I always use three miles an hour is a good rule of thumb, two miles an hour in rock, scree and turf moor, thats allowing for breaks and blowing out of your arse on the steep bits.

I used to live in the High Peak and you have to plan for bad weather. I've seen snow storms come out of nowhere in June, twice, the worst was in 1975.

My minimum, Good boots, good socks, change of socks, breathable wet weather gear, a good wooly hat, gloves, water, more water, an emergency bivvybag, sweet stuff (I take dextrose tabs or kendal mint cake) in case you start to flag or get too cold. This all needs to be worn or carried in a good daysack, Tesco carrier bags don't work (you laugh, but I've seen it on the Crib Goch in winter). Even on marked trails take the OS maps, 1:50000 or 1:25000 in a waterproof map case and a silva compass (priceless on moors, in snow, heavy rain, fog and cloud). Tell someone what you plan to walk and and tell them when you get there, they can raise the alarm if you get lost, Youth Hostels and post offices are usually helpful in this regard. Carry a mobile phone, a whistle and a small torch.
 
#16
I did the 100km Van Ieper last year (and am doing it again this year). Its over 3 days and is quite cheeky.

You dont have to carry weight or race but an average of 22 miles per day for 3 days is not a walk in the park either.

My training was 8-12 miles walking at least 3 days a week and plenty of stretching. I knew blisters were coming (Ive always had blisters while tabbing) but that they were manageable; a torn hamstring etc would have meant ENDEX so during the march itself I stretched at every opportunity and my legs were fine.

See you all in Belgium for the march this year.
 
#17
Start walking at dawn, you will be surprised how much better it is to start very early, nice and cool and no other walkers to get in the way, take plenty of water and high energy munchies,
 
#18
Yeah I wont be taking a tescos bag...But I did buy a comftable bergain thats fit properly and I am goign to check the met office report closer to the time. We are going to start at about 8:00am saturday morning.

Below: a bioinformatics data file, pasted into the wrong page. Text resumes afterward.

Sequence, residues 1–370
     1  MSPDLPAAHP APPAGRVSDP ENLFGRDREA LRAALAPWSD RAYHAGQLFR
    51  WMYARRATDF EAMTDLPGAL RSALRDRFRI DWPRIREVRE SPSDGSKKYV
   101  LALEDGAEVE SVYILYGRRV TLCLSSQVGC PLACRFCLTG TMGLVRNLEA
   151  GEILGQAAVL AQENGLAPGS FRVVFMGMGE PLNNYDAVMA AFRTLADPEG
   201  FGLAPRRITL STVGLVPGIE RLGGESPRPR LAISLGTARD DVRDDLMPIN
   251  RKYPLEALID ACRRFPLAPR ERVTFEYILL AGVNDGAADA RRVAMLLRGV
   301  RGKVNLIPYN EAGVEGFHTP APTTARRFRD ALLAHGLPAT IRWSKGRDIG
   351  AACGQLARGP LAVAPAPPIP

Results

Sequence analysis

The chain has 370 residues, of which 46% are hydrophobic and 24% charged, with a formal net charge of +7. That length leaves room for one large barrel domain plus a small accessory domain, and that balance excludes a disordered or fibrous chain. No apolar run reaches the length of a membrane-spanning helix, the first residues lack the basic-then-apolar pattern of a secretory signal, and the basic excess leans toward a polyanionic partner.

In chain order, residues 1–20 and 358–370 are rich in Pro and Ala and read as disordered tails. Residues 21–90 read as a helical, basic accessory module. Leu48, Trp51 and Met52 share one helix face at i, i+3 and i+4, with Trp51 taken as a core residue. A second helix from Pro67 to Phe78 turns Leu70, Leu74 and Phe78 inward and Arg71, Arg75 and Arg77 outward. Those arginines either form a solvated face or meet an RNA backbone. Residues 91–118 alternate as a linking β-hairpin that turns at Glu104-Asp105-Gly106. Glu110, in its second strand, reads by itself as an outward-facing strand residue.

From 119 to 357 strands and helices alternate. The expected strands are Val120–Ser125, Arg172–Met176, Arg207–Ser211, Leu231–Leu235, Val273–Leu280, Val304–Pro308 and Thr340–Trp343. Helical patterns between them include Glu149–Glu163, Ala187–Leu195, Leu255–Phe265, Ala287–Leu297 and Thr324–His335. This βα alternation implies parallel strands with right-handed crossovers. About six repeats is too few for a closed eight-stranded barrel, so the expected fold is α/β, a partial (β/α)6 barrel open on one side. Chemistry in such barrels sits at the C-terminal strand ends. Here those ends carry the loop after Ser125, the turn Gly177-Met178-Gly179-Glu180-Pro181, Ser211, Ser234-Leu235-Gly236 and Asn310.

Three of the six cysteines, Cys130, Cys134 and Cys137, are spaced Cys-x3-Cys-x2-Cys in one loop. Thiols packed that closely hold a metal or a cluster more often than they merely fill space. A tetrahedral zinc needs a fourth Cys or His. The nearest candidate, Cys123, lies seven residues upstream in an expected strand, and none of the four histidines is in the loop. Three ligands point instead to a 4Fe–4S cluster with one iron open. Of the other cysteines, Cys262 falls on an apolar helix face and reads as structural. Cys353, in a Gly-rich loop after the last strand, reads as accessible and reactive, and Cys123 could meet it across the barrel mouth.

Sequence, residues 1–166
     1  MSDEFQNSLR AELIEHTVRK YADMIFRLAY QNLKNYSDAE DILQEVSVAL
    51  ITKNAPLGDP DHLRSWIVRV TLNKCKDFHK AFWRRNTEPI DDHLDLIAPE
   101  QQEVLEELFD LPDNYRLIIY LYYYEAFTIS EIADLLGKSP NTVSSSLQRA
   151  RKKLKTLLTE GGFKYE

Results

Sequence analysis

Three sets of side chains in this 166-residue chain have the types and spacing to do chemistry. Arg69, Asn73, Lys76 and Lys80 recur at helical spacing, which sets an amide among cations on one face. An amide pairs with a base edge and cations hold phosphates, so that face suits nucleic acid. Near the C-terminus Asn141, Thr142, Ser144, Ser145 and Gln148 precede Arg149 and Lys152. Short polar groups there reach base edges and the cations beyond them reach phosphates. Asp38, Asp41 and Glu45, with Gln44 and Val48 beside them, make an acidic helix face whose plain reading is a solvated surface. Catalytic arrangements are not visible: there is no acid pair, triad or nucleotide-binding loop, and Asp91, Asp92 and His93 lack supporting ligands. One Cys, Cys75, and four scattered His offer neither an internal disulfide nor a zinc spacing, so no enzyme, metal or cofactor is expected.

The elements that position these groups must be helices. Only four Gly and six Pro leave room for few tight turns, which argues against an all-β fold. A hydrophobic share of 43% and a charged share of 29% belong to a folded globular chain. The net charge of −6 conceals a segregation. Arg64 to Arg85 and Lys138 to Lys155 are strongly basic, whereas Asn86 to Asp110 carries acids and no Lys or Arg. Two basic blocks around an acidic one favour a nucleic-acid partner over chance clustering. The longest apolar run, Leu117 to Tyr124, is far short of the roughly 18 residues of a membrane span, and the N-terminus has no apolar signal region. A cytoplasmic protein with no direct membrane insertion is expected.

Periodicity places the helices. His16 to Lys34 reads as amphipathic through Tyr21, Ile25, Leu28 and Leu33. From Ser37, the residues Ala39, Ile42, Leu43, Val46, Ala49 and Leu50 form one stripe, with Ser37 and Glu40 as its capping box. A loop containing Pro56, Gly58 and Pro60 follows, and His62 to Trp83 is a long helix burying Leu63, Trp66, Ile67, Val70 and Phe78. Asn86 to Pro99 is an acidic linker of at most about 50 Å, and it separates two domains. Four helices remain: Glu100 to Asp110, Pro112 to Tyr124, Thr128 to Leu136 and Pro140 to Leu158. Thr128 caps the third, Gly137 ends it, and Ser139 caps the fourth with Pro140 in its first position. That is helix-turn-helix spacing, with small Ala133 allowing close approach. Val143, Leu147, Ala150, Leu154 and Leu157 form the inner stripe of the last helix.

#19
Doing a non-circular walk of any great length unsupported can be a nightmare. If you're rocking up at Matlock at 08:00, having travelled from home by train, what time will you and your mates be heaving yourselves out of bed that morning? 04:00 or earlier? It makes for a long day - and you'll have wasted 3 hours of cool daylight.

Will the weakest member of your team be able to manage 35 miles in 10 hours? It's a fast pace if you're lugging camping equipment appropriate for a camp site at the far end. A bivvy bag is a lot lighter and less bulky than a tent, but you won't be flavour of the month if you expect to use it on a camp site.

If I were organising your walk, I'd look at the following options:
1. Get a non-walking mate with a car to set up camp at the far end while you're walking. That way you'll have the comfort of knowing that you've got somewhere to collapse when you finish. You'll also not be so tied down to a finish time and you'll have someone to ferry you to the campsite. If someone picks up an injury (and it only has to be something as daft as a blister), it's not curtains for your walk - he can be collected from the nearest road and the rest of you can continue.
2. Turf up at Ashbourne on Friday night, set up camp and sleep until 06:00 or 08:00. Get a taxi at 06:30 (25 minutes journey) or catch the 110 bus at 09:08 (44 minutes), revising your start times to 07:00 or 10:00. The taxi option will be a bit more expensive but will give you an hour head start on your current plan. The bus will involve a later start but that can't be helped. The advantage is that you'll be starting a lot fresher than if you've been travelling for hours before you get to Matlock. That factor alone could make up for the later start. Again, you'll be travelling lighter and you'll have the morale factor of knowing that you'll have somewhere to bed down.
3. Book into a B&B at Matlock on Friday night and into a B&B in Ashbourne on Saturday night. Camping's fun and cheap but you'll be better rested in a proper bed.
4. Book into a B&B at Matlock on Friday night. Get a non-walking mate with a car to set up camp at Ashbourne on Saturday and get him to ferry you from your finish point to the campsite.

I shouldn't need to say this, but... Don't get pissed on Friday night. Do get pissed on Saturday night.